Oxidative stress and medical antioxidant treatment in male infertility.
ABSTRACT Oxidative stress (OS) has been recognized as one of the most important cause of male infertility. Despite the antioxidant activity of seminal plasma, epididymis and spermatozoa, OS damages sperm function and DNA integrity. Since antioxidants suppress the action of reactive oxygen species, these compounds have been used in the medical treatment of male infertility or have been added to the culture medium during sperm separation techniques. Nevertheless, the efficacy of such a treatment has been reported to be very limited. This may relate to: (i) patient selection bias; (ii) late diagnosis of male infertility; (iii) lack of double-blind, placebo-controlled clinical trial; and/or (iv) use of end-points that are not good markers of the presence of OS. This review considers the effects of the main antioxidant compounds used in clinical practice. Overall, the data published suggest that no single antioxidant is able to enhance fertilizing capability in infertile men, whereas a combination of them seems to provide a better approach. Taking into account the pros and the cons of antioxidant treatment of male infertility, the potential advantages that it offers cannot be ignored. Therefore, antioxidant therapy should remain in the forefront of preventive medicine, including human reproductive medicine.
SourceAvailable from: Ashok Agarwal[Show abstract] [Hide abstract]
ABSTRACT: Reactive oxygen species (ROS) are an integral component of sperm developmental physiology, capacitation, and function. Elevated ROS levels, from processes such as infection or inflammation, can be associated with aberrations of sperm development, function, and fertilizing capacity. We review the impact of ROS on sperm physiology, its place in infertility evaluation, the implications for reproductive outcomes, and antioxidant therapy. Our systematic review of PubMed literature from the last 3 decades focuses on the physiology and etiology of ROS and oxidative stress (OS), evaluation of ROS, and antioxidants. ROS is normally produced physiologically and is used to maintain cellular processes such as sperm maturation, capacitation, and sperm-oocyte interaction. When ROS production exceeds the buffering capacity of antioxidants, OS occurs and can have a negative impact on sperm and fertility. ROS and antioxidant capacity testing can potentially add additional prognostic information to standard laboratory testing for the infertile male, although its role as standard part of an evaluation has yet to be determined. Elevated ROS levels have been implicated with abnormal semen parameters and male infertility, but the impact of ROS on fertilization rates and pregnancy is controversial. This is partly because of the lack of consensus on what type of patients may be suitable for ROS testing and assay standardization. Routine ROS testing for the infertile male is not currently recommended. Copyright © 2014 American Society for Reproductive Medicine. Published by Elsevier Inc. All rights reserved.Fertility and Sterility 11/2014; 102(6). DOI:10.1016/j.fertnstert.2014.10.020 · 4.30 Impact Factor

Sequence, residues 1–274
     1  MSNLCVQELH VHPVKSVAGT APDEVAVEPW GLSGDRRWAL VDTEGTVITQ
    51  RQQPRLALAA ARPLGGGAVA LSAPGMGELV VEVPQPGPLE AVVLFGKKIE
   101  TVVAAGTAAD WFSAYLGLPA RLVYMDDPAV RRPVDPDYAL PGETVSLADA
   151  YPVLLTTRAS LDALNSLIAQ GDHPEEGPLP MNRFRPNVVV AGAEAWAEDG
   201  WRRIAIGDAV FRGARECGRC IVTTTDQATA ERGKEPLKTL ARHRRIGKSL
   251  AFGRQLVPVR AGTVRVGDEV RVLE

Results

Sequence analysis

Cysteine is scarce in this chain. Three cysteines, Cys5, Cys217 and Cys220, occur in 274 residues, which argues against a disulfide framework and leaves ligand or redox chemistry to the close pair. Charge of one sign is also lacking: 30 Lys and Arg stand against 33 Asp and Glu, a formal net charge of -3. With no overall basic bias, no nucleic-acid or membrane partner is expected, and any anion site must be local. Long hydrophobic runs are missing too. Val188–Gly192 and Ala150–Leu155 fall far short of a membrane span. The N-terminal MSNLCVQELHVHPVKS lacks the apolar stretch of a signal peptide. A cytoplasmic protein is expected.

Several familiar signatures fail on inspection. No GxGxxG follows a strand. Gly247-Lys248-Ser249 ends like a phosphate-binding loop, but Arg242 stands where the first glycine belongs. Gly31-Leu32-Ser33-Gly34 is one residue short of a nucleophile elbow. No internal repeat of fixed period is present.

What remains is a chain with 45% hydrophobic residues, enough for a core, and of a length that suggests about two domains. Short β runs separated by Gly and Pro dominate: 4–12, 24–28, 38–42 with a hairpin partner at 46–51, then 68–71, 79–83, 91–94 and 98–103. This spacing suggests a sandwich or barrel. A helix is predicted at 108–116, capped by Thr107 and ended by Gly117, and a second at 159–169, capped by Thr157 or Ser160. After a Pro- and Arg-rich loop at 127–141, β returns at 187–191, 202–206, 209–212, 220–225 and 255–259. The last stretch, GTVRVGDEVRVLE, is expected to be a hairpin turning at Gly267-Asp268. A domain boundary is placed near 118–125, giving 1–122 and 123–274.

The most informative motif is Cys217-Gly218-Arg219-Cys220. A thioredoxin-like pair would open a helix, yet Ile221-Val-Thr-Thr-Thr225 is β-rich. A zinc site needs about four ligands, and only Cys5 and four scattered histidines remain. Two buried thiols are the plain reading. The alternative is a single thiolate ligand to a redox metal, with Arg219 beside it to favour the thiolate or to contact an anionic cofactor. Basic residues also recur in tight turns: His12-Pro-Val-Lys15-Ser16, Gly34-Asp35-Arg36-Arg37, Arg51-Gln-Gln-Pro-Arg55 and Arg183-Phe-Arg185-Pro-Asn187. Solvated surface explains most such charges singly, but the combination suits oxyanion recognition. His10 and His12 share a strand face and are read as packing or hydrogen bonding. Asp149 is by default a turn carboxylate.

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ABSTRACT: Sperm must be properly prepared in in vitro fertilization (IVF)-embryo transfer (ET) programs in order to control the fertilization rate and ensure that embryos are of high quality and have appropriate developmental abilities. The objective of this study was to determine the most optimal sperm preparation method for IVF. Patients less than 40 years of age who participated in a fresh IVF-ET cycle from November 2012 to March 2013 were included in this study. Poor responders with less than three mature oocytes were excluded. Ham's F-10 medium or sperm-washing medium (SWM) was used in combination with the density-gradient centrifugation/swim-up (DGC-SUP) or SUP methods for sperm preparation. A total of 429 fresh IVF-ET cycles were grouped according to the media and methods used for sperm preparation and retrospectively analyzed (DGC-SUP/Ham's F-10, n=82; DGC-SUP/SWM, n=43; SUP/Ham's F-10, n=181; SUP/SWM, n=123). There were no significant differences among these four groups with respect to the mean age of the female partners, duration of infertility, number of previous IVF cycles, and retrieved oocytes. We determined that both the DGC-SUP and SUP methods for sperm preparation from whole semen, using either Ham's F-10 or SWM media, result in comparable clinical outcomes, including fertilization and pregnancy rates. We suggest that both media and both methods for sperm preparation can be used for selecting high-quality sperm for assistive reproductive technology programs.03/2015; 42(1):22-9. DOI:10.5653/cerm.2015.42.1.22
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ABSTRACT: Oxidative stress caused by elevated reactive oxygen species (ROS) is one of the predominant causes of both male and female infertility. Oxidative stress conditions cause either cell death or senescence by oxidation of cellular molecules including nucleic acid, proteins, and lipids. It is particularly important to minimize oxidative stress when in vitro fertilization is performed for the purpose of assisted reproduction. The problems associated with assisted reproductive technology are becoming evident, and it is now the time to clarify its mechanisms and cope with them. On the other hand, the beneficial roles of ROS, such as intracellular signaling, have become evident. The antithetical functions of ROS make it more difficult to overcome the problems caused by oxidative stress. Despite the difficulty in understanding mammalian reproduction, the mechanisms and problems can be gradually unveiled by advanced technology such as genetic modification of animals.Reproductive Medicine and Biology 04/2013; 13(2):71-79. DOI:10.1007/s12522-013-0170-0